Pinoy Windows!

We all know that Windows is expensive. Many have switched to Linux (issues about supported hardware/software, bugs, etc. notwithstanding) because it’s cheap or, even better, free.

In their attempt at convincing people in the low-end market to switch back to Windows, Microsoft has announced the launch of a low-priced Filipino version of Windows XP.

Apart from lowering the cost, the localized version “œbuilds on the Filipino glossary of computing terms put together earlier this year by a third-party software developer and national artist and poet Virgilio Almario, dean of the College of Arts and Letters at the University of the Philippines in Diliman.”

To read the whole article, head on to Manila Standard’s “˜Microsoft readies Pinoy Windows’.

I wonder what they will call it… Bintana XP?

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  • bit

    I’ll bet my money that this just turns out to be Windows XP Starter Edition. There’s the possibility that they learned from the current Starter Edition (three apps at any one time and no networking support? WTF) and improve on it.

    They could simply remove IE and/or WMP to lower the cost and keep the “Filipino Edition” still equal to “normal” versions in terms of capability. (Although I’m guessing that won’t bode well with those who want the ease of having everything already bundled into an OS.)

  • Maybe this will be something like Windows XP N, w/c I blogged about a couple of months ago. But this was for Europe, and the issue was the inclusion of a built-in media player–an antitrust issue, basically.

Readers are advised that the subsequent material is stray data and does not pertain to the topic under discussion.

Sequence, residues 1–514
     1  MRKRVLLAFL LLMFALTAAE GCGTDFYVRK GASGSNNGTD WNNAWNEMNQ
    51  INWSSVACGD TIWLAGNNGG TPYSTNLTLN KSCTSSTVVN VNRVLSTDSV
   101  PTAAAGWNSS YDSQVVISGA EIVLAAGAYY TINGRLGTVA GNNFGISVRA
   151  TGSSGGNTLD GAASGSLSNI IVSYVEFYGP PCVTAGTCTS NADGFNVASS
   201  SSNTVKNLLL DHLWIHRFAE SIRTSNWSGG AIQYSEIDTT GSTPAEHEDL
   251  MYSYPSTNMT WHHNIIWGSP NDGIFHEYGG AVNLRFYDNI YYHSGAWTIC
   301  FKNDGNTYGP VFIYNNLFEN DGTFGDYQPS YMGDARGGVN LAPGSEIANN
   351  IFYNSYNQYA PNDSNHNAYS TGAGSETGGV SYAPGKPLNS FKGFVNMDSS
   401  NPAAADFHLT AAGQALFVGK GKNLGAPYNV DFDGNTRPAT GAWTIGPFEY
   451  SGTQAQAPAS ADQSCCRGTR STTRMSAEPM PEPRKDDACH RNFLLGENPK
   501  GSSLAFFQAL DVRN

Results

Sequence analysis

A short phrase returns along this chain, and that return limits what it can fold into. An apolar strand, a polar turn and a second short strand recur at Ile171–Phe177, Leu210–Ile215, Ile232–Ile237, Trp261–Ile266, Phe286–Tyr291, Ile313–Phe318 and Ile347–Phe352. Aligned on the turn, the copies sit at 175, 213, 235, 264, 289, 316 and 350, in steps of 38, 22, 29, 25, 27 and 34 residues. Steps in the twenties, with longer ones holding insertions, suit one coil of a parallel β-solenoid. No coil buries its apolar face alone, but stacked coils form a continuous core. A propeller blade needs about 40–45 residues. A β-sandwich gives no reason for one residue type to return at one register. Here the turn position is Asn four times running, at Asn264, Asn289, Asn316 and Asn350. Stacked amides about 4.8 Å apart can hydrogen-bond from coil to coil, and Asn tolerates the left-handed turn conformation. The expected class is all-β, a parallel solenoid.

For our case, it’s most likely crippling of the OS to justify their selling it for a “cheaper” price, when the price is still high and not justifiable at all, IMHO.

    I also read about this on TIME–MS was planning to release crippled versions of XP to developing nations to curb piracy. I remember it’s something like what Bit mentioned: the Starter Edition.

    I don’t think this “Pinoy” version would take off if it’s a crippled one. That is unless it’s a full-featured Windows with the option of localization in terms of language. Then some educational institutions or die-hard Filipino-linguist user will switch to this OS.

  • What!? No networking? How crippled is the pinoy winxp going to be? Nowadays, what’s good with a PC, moreso with an XP-loaded PC if cannot connect to the internet? But probably, if you’re techie enough, you might find a way to “expose” the networking feature if it is just hidden somewhere.

    I don’t think this marketing scheme will work. Also, a vernacularized OS might look confusing, if not ugly.

  • Isn’t this the stripped down version of Windows that has already shipped in Thailand/or was it Malaysia, and localized?

  • AnP

    vern: no details yet but methinks you are right.

  • no networking, no peace!